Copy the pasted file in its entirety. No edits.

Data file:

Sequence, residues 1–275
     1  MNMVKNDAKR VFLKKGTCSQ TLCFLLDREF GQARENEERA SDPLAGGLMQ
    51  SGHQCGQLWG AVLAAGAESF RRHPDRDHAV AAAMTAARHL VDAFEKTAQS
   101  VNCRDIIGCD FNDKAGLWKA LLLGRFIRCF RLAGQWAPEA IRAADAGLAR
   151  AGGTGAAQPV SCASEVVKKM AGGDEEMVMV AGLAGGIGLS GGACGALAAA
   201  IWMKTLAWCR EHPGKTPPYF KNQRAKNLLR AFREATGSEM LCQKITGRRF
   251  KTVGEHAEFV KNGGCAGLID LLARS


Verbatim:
Sequence, residues 1–275
     1  MNMVKNDAKR VFLKKGTCSQ TLCFLLDREF GQARENEERA SDPLAGGLMQ
    51  SGHQCGQLWG AVLAAGAESF RRHPDRDHAV AAAMTAARHL VDAFEKTAQS
   101  VNCRDIIGCD FNDKAGLWKA LLLGRFIRCF RLAGQWAPEA IRAADAGLAR
   151  AGGTGAAQPV SCASEVVKKM AGGDEEMVMV AGLAGGIGLS GGACGALAAA
   201  IWMKTLAWCR EHPGKTPPYF KNQRAKNLLR AFREATGSEM LCQKITGRRF
   251  KTVGEHAEFV KNGGCAGLID LLARS